Bacteria are single-celled organisms. They come in many shapes and sizes. Most bacteria are not harmful. Pathogenic bacteria cause infectious diseases.
Colonising bacteria live and multiply harmlessly without causing disease. The microbiome refers to the trillions of bacteria colonising the human body, mostly in the gut. The bacteria in the microbiome play many important roles, such as protecting against pathogenic bacteria, synthesising vitamins and interacting with the nervous system.
Bacteria can be categorised into aerobic and anaerobic, gram-positive and gram-negative, and atypical bacteria. Learning where bacteria fall within these categories helps determine effective antibiotics.
Aerobic bacteria require oxygen, whereas anaerobic bacteria do not. Gram-positive bacteria have a thick peptidoglycan cell wall that stains with crystal violet stain. Gram-negative bacteria do not have a thick peptidoglycan cell wall or stain with crystal violet stain but will stain with other stains. Atypical bacteria cannot be stained or cultured in the normal way.
Bacteria can also be classified based on their shapes. Rod-shaped bacteria are called bacilli. Circle-shaped bacteria are called cocci.
Physiology and Antibiotics
The cell wall is a structure that surrounds the outer cell membrane in gram-positive bacteria. Antibiotics that work by inhibiting cell wall synthesis can be divided into those with a beta-lactam ring (e.g., penicillins, cephalosporins and carbapenems) and those without a beta-lactam ring (e.g., vancomycin and teicoplanin).
Nucleic acid is an essential component of bacterial DNA. Metronidazole works by inhibiting nucleic acid synthesis.
Ribosomes are responsible for synthesising proteins within the bacteria cell. Antibiotics that target the ribosome to interrupt protein synthesis include macrolides (e.g., clarithromycin), tetracyclines (e.g., doxycycline) and gentamicin.
Folic acid is essential for synthesising and regulating DNA within the bacteria. Folic acid cannot be directly imported into the bacteria cell, and entry requires a chain of intermediates. This chain starts with para-aminobenzoic acid (PABA), which is directly absorbed across the cell membrane into the cell. PABA is converted to dihydrofolic acid (DHFA), which is converted inside the cell to tetrahydrofolic acid (THFA), then folic acid. Antibiotics can be used to disrupt steps along this chain:
- Sulfamethoxazole blocks the conversion of PABA to DHFA
- Trimethoprim blocks the conversion of DHFA to THFA
A gram stain is used as a quick way to look for bacteria in a sample under the microscope. There are two steps.
Firstly, a crystal violet stain is added, which binds to molecules in gram-positive bacteria’s thick peptidoglycan cell wall, turning them violet.
Then a counterstain (such as safranin) is added, which binds to the cell membrane in bacteria that do not have a cell wall (gram-negative bacteria), turning them red/pink.
Gram-positive cocci include:
Gram-positive rods can be remembered with the “corny Mike’s list of basic cars” mnemonic:
- Corny – Corneybacteria
- Mike’s – Mycobacteria
- List of – Listeria
- Basic – Bacillus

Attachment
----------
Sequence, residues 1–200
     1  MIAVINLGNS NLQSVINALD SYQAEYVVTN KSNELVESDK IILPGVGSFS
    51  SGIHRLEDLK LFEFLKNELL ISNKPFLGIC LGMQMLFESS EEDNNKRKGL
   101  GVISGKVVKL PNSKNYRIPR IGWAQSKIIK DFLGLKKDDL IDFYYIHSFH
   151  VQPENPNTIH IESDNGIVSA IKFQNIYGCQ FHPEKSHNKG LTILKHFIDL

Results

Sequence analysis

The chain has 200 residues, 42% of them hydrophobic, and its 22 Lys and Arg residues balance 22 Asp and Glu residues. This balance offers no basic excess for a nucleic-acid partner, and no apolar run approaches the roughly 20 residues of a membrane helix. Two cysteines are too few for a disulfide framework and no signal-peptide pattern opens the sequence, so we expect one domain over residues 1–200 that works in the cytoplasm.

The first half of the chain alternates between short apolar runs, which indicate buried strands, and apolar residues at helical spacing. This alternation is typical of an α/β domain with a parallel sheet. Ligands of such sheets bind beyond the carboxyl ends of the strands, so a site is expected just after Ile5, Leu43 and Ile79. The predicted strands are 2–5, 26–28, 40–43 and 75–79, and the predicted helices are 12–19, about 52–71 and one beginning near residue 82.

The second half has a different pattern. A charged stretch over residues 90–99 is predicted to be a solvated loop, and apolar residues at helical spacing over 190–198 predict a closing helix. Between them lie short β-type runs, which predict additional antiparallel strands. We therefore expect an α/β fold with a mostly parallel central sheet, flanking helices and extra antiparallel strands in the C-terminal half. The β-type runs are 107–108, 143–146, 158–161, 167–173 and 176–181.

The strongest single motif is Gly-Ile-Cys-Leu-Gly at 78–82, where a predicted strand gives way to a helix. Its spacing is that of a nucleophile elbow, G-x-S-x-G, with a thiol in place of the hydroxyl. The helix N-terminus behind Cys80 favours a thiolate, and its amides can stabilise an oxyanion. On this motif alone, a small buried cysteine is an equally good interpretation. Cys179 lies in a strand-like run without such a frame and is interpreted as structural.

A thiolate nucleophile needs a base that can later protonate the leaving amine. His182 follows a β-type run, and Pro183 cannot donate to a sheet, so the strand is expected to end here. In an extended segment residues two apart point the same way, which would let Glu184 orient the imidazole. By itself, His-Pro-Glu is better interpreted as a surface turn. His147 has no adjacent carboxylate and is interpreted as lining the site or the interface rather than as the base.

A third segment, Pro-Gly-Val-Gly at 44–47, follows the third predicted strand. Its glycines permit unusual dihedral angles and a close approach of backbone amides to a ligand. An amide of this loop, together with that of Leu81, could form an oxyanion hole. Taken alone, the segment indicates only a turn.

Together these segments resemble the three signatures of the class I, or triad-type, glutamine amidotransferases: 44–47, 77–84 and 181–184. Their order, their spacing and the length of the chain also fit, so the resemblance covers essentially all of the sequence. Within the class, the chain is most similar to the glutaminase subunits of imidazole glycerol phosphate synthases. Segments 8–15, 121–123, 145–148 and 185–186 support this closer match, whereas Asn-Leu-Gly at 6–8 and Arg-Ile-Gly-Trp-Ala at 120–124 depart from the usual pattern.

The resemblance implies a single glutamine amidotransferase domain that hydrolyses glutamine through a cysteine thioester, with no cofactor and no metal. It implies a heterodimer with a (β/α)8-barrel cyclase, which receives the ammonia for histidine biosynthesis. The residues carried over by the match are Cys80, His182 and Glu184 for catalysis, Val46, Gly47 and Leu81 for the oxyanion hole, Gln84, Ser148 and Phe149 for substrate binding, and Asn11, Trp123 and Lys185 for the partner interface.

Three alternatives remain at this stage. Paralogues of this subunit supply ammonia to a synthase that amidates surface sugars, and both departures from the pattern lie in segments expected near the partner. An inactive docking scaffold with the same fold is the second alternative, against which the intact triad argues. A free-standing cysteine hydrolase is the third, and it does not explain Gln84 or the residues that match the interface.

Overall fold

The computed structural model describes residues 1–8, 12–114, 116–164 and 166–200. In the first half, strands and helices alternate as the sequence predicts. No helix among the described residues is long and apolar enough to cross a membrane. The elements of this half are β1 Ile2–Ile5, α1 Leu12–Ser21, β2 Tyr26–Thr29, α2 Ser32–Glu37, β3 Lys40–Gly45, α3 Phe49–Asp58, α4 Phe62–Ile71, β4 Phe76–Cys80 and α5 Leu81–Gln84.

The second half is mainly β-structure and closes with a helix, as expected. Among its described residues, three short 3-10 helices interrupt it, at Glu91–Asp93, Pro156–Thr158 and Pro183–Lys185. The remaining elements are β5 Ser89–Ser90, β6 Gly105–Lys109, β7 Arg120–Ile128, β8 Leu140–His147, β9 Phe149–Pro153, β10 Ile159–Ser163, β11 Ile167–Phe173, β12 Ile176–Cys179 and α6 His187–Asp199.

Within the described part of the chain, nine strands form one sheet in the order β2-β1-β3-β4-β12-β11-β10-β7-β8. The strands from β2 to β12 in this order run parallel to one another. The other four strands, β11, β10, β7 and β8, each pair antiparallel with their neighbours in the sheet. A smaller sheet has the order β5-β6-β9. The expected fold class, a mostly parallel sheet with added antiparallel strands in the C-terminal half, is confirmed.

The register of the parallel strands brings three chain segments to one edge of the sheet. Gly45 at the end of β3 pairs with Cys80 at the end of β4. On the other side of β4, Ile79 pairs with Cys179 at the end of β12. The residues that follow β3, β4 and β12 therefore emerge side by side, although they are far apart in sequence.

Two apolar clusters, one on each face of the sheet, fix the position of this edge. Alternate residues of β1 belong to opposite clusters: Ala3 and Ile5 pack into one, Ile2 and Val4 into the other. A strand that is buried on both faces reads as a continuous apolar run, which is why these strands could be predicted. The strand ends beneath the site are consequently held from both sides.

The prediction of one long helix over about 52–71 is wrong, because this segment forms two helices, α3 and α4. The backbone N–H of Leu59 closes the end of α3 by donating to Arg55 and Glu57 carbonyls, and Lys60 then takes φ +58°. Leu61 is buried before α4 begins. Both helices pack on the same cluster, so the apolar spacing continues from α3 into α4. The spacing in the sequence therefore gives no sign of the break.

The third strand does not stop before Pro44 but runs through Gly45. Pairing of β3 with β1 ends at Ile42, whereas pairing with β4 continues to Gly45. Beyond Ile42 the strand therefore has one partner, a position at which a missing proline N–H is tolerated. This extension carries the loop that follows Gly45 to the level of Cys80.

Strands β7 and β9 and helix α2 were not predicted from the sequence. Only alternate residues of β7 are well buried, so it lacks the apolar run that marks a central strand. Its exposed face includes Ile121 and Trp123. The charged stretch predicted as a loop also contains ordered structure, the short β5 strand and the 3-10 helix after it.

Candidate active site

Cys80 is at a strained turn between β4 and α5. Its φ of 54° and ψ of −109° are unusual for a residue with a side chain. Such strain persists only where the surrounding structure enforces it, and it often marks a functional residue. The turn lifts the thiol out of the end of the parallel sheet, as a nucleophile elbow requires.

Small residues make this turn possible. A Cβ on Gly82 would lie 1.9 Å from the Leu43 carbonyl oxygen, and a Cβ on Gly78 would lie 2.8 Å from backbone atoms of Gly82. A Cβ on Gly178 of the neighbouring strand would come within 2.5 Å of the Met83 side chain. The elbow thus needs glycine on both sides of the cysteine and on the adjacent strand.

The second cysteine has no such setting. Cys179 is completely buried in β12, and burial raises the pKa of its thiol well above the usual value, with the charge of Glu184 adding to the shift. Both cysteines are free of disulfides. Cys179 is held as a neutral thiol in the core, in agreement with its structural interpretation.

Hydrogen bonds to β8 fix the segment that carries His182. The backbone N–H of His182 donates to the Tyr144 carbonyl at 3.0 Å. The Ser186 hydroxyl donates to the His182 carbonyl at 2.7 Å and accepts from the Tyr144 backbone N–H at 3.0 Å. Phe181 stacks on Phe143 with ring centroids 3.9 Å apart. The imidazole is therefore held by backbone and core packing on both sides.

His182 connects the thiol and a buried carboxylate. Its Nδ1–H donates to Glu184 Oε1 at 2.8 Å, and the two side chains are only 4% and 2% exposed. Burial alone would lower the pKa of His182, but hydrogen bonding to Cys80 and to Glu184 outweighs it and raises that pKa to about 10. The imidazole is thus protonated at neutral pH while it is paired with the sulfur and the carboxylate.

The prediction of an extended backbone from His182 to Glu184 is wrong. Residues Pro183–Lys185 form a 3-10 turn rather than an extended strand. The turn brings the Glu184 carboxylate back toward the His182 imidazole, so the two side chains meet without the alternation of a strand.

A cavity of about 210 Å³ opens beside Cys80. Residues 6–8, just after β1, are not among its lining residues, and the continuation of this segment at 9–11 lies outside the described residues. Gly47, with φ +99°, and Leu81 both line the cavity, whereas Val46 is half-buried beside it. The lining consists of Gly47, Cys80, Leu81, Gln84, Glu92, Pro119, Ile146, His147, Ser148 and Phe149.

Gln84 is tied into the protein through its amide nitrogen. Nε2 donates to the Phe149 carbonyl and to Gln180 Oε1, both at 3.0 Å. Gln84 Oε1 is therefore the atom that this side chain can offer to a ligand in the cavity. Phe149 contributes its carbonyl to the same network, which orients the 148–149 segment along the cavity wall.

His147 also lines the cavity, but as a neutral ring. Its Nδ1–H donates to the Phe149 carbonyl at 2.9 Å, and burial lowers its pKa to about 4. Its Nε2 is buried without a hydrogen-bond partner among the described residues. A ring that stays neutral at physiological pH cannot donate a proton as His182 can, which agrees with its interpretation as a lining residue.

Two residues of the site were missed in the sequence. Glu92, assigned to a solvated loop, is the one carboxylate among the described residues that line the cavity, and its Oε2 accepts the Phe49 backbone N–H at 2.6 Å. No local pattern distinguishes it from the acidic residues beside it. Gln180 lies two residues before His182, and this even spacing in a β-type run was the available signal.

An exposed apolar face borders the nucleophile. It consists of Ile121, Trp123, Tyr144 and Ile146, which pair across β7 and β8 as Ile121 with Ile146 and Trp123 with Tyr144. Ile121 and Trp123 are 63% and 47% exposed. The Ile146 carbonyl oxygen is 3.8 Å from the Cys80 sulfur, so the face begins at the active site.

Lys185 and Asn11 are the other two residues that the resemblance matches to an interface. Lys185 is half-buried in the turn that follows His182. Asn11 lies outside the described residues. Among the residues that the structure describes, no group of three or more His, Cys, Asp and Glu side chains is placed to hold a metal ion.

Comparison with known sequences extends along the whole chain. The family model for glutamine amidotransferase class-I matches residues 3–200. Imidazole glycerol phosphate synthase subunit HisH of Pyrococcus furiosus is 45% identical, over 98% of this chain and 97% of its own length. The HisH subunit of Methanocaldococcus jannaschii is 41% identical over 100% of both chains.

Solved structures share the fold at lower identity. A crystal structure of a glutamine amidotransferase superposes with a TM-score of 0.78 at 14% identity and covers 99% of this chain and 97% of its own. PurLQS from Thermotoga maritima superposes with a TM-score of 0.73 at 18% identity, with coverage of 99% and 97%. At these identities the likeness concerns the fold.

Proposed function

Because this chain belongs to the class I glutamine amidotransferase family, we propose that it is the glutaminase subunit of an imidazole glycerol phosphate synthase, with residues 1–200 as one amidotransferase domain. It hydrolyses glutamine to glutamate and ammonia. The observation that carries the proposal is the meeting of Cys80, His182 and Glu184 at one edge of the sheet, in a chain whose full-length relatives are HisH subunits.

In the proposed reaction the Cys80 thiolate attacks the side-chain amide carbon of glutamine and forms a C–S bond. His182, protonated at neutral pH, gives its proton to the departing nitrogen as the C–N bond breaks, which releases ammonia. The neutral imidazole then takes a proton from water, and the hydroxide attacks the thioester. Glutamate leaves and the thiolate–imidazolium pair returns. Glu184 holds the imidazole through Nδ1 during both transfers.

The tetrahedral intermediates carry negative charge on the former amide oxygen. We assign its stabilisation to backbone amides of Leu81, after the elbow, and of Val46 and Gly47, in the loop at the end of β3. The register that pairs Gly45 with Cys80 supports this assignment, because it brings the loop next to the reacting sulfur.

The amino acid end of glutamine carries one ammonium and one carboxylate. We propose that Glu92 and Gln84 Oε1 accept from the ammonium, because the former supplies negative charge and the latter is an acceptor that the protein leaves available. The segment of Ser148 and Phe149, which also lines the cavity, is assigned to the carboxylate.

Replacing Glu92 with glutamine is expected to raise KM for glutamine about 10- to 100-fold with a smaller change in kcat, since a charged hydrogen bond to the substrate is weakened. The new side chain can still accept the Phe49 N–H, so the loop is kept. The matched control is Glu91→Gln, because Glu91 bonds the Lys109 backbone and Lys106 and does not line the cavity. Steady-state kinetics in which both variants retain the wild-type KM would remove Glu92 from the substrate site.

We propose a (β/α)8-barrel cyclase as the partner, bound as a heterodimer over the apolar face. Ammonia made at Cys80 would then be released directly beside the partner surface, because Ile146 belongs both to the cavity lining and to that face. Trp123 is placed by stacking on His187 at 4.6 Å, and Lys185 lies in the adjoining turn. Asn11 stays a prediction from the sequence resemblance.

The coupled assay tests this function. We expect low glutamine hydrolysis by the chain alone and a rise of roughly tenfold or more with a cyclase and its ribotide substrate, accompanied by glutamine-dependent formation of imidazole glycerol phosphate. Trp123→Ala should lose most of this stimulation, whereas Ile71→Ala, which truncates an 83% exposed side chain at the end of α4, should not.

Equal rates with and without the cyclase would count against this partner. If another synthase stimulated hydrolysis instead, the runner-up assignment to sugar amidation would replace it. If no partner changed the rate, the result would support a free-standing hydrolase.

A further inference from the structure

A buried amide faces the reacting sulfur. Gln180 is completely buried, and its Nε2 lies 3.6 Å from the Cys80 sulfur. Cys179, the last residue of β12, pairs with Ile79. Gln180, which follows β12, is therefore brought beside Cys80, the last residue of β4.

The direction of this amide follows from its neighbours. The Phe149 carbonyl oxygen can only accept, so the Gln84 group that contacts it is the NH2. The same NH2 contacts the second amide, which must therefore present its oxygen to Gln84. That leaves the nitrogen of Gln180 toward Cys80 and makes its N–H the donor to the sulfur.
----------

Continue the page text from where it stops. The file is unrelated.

- Cars – Nocardia
Gram-positive anaerobes can be remembered with the “CLAP” mnemonic:
- C – Clostridium
- L – Lactobacillus
- A – Actinomyces
- P – Propionibacterium
If a bacteria is not listed above, it is probably gram-negative. Common gram-negative bacteria are:
- Neisseria meningitidis
- Neisseria gonorrhoea
- Haemophilia influenza
- Escherichia coli (E. coli)
- Pseudomonas aeruginosa
- Moraxella catarrhalis
Atypical bacteria cannot be cultured in the normal way or detected using a gram stain. Atypical pneumonia refers to pneumonia caused by atypical bacteria.
The five causes of atypical pneumonia can be remembered with the “Legions of psittaci MCQs” mnemonic:
- Legions – Legionella pneumophila
- Psittaci – Chlamydia psittaci
- M – Mycoplasma pneumoniae
- C – Chlamydophila pneumoniae
- Qs – Q fever (coxiella burneti)
Methicillin-Resistant Staphylococcus Aureus
Methicillin-resistant Staphylococcus aureus (MRSA) refers to Staphylococcus aureus bacteria that have become resistant to beta-lactam antibiotics (e.g., penicillins, cephalosporins and carbapenems).
MRSA arises where there is frequent use of antibiotics, such as in healthcare settings. Think about MRSA in nursing home residents and patients with frequent hospital admissions.
People are often colonised with MRSA bacteria and have them living harmlessly on their skin and respiratory tract. When infection develops, it can be hard to treat. Patients being admitted for surgery or inpatient treatment are screened for MRSA colonisation by taking nose and groin swabs. When identified, extra measures are taken to eradicate the MRSA and stop it from spreading. Eradication usually involves a combination of chlorhexidine body washes and antibacterial nasal creams.
Antibiotics used to treat MRSA include:
Extended-Spectrum Beta-Lactamase Bacteria
Extended-spectrum beta-lactamase (ESBL) bacteria have developed resistance to beta-lactam antibiotics (e.g., penicillins, cephalosporins and carbapenems). They produce beta-lactamase enzymes that destroy the beta-lactam ring on the antibiotic. They can be resistant to a very broad range of antibiotics.
ESBLs tend to be E. coli or Klebsiella and typically cause urinary tract infections. They can cause other types of infection, such as pneumonia and septicaemia.
The usual treatment options are:
- Carbapenems (e.g., meropenem or imipenem)
Last updated July 2023